The Ultimate Guide to Barn Doors
The barn door’s meteoric rise in popularity in the world of design has taken home renovations by storm. Interior designers, builders, and renovators are attracted to its stylish functionality while homeowners find its installation to be a simple DIY project that can give any space a facelift. The most popular type of barn door is the sliding barn door, a style that requires both conventional and unconventional hardware in comparison to the more well-known hinged doors.
7 Elements of a Barn Door
Sliding barn doors now come in a wide range of decor styles while maintaining the desired innovation of the space-saving design. In addition, there are also varied track and hardware systems that allow for any homeowner to install barn doors across the diverse spatial requirements of a modern floor plan.
- Door Slab
- Door Guide
How Do Barn Doors Work?In short, both interior barn doors and exterior barn doors function by installing a set of hangers and rollers onto a door slab. This hardware allows the slab to slide back and forth along a track. What makes this type of barn door appealing is that a left and right opening and closing is perfect for an area with limited square footage, whether that is a doorway that leads to a crowded bedroom or bathroom, a small closet or pantry area, or a living space that is better utilized with compact room division. If a home cannot afford to lose surface area traditional swing of a hinged door, a sliding door is a great idea for the space-conscious homeowner.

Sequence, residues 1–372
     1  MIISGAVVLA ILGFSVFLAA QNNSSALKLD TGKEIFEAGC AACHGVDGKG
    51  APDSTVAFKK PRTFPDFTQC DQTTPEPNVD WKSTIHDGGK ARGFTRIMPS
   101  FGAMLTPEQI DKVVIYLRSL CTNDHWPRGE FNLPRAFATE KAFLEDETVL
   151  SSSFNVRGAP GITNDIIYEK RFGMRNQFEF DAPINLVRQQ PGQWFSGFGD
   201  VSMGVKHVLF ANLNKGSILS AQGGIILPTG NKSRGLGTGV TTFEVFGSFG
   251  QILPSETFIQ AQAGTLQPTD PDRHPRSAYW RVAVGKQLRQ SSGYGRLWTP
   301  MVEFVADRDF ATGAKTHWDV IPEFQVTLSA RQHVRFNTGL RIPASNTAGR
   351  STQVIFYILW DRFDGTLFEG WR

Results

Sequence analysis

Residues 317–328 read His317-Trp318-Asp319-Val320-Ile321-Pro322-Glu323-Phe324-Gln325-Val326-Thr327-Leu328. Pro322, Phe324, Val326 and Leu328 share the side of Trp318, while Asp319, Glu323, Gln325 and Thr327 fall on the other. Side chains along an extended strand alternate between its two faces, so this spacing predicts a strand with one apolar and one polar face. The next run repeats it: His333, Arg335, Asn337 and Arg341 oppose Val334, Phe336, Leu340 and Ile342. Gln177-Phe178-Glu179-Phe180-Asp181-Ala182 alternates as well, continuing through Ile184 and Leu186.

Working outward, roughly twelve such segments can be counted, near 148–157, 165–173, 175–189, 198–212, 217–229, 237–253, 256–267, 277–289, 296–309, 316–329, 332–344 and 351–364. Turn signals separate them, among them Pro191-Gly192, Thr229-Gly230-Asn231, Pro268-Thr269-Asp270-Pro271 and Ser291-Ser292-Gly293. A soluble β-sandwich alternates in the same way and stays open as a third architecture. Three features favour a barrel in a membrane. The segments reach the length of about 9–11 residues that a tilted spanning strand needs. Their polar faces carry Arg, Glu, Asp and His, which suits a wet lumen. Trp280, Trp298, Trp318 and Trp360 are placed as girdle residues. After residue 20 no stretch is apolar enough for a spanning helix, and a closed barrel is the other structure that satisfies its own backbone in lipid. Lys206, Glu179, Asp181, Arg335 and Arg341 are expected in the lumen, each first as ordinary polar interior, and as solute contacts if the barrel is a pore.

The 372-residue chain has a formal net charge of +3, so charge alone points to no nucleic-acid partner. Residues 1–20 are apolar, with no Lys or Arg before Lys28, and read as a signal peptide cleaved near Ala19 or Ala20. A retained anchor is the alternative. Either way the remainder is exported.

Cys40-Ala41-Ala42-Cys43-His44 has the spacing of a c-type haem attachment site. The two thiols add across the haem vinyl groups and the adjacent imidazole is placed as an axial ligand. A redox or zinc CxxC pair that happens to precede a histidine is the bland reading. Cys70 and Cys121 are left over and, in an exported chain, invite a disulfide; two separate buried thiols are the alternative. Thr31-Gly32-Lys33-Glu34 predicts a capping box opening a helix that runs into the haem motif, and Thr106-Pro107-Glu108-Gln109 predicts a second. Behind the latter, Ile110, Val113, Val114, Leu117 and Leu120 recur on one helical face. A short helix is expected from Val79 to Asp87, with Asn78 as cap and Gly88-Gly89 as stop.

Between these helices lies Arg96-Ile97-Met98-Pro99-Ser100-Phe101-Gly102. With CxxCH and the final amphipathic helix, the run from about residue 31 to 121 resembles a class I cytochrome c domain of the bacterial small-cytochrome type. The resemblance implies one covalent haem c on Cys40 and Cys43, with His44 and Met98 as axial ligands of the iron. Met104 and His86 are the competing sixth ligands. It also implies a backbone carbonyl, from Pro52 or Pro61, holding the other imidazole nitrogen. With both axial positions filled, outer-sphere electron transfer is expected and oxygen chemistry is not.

Barn door systems can be grouped into three types.
- Standard Barn Door System: In this system, a singular door panel (or slab) hangs from an individual track. Two hangers are installed onto the panel, one on the left and one on the right. Each is attached to a roller that runs along the track. The panel closes to cover the doorway and slides either to the left or right across the wall to open. This kind of door system also includes “pocket doors.” These doors run along a track but disappear into a “pocket” in the door frame instead of running in front of a wall.
- Bi Parting Door System: In this system, a singular track is installed onto the wall or into the ceiling just like in a standard system. The difference is there are two panels that hang from the same track. Four hangers and four rollers in total are needed, two for each door. One panel opens to the left, closing to the right and the other panel functions in reverse. This can create the same sort of design as French doors and looks especially inviting in doorways to large living areas. Additionally, homeowners can choose a bi-folding system. Bi-fold barn doors involve a singular track with double doors. These door panels crease folding over each other when opening and lying flat when closing.